On the morning of Friday, September 20, 1985, the first equinoctial storm of the year broke over the city of Rome. I awoke to thunder and lightning; and thought I was, yet again, in World War II. Shortly before noon, a car and driver arrived to take me up the Mediterranean coast to a small town on the sea called Castiglion della Pescáia where, at one o’clock, Italo Calvino, who had died the day before, would be buried in the village cemetery.
Calvino had had a cerebral hemorthage two weeks earlier while sitting in the garden of his house at Pineta di Roccamare, where he had spent the summer working on the Charles Eliot Norton lectures that he planned to give during the fall and winter at Harvard. I last saw him in May. I commended him on his bravery: he planned to give the lectures in English, a language that he read easily but spoke hesitantly, unlike French and Spanish, which he spoke perfectly; but then he had been born in Cuba, son of two Italian agronomists; and had lived for many years in Paris.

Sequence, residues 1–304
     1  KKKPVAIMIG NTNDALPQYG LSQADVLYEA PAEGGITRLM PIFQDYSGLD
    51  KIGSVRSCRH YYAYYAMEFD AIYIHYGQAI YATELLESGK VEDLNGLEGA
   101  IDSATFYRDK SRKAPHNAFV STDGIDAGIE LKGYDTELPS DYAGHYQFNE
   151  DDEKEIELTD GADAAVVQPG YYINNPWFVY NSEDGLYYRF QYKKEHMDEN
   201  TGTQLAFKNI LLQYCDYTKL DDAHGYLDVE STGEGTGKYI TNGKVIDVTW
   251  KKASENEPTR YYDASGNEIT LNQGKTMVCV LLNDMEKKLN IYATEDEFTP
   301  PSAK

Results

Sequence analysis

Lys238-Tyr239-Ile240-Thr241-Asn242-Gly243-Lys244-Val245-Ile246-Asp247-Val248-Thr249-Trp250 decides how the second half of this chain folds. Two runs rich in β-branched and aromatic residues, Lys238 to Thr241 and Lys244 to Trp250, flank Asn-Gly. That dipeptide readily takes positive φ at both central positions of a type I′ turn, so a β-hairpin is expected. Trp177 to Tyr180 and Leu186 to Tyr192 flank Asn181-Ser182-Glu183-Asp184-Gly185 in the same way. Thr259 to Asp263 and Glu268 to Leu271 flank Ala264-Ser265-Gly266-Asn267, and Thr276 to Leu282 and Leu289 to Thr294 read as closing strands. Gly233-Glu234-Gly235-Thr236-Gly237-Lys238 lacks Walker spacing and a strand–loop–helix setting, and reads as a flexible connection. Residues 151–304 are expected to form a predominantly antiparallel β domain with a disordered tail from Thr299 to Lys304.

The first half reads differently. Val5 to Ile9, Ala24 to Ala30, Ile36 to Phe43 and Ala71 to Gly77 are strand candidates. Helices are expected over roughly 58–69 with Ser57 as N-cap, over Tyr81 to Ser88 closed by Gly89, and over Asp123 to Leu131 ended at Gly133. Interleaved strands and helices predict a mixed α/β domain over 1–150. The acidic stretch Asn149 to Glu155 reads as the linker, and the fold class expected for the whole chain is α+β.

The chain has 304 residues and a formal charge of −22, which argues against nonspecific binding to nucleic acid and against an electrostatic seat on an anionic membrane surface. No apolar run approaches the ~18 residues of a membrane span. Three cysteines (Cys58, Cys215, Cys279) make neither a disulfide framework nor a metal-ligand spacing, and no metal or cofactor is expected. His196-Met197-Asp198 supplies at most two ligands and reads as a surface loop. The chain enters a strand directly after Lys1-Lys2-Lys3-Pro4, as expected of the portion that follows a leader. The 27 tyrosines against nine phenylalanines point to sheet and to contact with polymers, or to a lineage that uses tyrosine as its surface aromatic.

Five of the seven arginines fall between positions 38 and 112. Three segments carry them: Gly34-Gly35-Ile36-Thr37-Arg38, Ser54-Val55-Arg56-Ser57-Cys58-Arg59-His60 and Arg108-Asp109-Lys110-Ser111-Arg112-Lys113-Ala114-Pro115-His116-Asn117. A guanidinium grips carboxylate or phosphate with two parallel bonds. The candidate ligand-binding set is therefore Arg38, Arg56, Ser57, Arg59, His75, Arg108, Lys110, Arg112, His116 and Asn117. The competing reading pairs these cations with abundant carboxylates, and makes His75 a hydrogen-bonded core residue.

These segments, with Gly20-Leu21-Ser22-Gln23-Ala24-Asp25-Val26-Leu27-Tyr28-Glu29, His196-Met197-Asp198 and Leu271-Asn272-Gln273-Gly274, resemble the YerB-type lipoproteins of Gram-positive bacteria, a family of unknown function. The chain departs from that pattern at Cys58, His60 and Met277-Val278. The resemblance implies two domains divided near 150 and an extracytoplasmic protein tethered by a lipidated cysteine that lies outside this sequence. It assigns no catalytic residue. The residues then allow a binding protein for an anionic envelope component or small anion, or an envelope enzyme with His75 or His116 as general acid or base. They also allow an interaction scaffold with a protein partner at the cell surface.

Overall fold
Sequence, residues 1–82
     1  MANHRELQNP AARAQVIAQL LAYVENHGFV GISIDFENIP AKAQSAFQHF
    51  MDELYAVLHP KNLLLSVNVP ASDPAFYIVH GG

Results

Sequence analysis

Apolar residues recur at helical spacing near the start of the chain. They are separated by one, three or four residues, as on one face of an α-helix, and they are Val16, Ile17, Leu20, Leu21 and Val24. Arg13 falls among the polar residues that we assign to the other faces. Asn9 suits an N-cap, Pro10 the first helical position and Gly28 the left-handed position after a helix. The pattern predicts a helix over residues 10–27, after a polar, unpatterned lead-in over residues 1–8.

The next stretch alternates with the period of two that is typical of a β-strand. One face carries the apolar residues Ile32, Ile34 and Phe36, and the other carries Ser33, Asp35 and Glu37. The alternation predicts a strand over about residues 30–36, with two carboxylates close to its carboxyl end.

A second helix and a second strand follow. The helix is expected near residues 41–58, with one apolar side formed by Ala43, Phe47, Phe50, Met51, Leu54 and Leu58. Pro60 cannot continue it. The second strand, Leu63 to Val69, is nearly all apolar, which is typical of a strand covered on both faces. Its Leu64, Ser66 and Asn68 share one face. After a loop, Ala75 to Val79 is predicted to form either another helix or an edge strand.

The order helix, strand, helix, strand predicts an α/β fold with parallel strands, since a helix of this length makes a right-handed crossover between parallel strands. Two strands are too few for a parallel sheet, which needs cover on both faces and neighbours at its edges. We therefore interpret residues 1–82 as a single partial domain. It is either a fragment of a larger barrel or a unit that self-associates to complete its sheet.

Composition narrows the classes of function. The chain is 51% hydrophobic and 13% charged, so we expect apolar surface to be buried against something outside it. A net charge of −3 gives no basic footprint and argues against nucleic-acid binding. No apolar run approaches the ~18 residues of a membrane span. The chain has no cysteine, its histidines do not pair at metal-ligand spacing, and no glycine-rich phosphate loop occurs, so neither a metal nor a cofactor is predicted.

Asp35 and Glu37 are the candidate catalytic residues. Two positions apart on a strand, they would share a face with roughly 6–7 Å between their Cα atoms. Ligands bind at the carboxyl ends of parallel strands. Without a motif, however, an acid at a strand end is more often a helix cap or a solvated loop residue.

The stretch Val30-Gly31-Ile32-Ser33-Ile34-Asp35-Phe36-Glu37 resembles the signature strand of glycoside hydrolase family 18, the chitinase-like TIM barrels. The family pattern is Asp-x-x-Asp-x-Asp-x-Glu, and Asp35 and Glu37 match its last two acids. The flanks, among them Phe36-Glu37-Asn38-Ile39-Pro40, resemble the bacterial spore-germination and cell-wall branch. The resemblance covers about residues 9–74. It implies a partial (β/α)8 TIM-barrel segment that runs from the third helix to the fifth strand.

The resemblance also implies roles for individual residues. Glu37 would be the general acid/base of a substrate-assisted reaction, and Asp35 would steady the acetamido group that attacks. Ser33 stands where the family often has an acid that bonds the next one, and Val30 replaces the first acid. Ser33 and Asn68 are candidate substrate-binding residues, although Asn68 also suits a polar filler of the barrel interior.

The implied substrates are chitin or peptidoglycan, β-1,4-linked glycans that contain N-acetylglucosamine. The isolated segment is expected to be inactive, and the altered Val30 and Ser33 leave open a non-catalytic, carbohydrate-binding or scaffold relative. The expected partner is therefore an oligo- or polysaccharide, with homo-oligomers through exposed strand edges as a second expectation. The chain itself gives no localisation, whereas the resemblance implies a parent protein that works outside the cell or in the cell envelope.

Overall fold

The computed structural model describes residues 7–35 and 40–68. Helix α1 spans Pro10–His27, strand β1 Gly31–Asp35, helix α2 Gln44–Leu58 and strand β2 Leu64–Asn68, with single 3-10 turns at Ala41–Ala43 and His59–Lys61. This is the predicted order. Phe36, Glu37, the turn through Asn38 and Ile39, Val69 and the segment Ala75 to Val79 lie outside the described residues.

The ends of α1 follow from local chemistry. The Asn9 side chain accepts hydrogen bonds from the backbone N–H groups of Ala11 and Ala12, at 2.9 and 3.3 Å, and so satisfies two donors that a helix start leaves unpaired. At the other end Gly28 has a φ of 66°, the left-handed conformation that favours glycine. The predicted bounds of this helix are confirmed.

It was night. We were on the terrace of my apartment in Rome; an overhead light made his deep-set eyes look even darker than usual. Italo gave me his either-this-or-that frown; then he smiled, and when he smiled, suddenly, the face would become like that of an enormously bright child who has just worked out the unified field theory. “At Harvard, I shall stammer,” he said. “But then I stammer in every language.”